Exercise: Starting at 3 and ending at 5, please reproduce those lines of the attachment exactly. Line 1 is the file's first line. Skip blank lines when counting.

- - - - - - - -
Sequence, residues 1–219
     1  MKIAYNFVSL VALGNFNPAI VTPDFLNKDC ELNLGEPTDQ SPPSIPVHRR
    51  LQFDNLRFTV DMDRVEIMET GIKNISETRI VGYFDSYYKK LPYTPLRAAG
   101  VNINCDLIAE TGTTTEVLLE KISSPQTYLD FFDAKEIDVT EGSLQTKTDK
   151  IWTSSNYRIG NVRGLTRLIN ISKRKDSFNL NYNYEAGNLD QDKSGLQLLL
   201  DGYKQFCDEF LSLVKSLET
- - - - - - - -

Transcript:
    51  LQFDNLRFTV DMDRVEIMET GIKNISETRI VGYFDSYYKK LPYTPLRAAG
   101  VNINCDLIAE TGTTTEVLLE KISSPQTYLD FFDAKEIDVT EGSLQTKTDK
   151  IWTSSNYRIG NVRGLTRLIN ISKRKDSFNL NYNYEAGNLD QDKSGLQLLL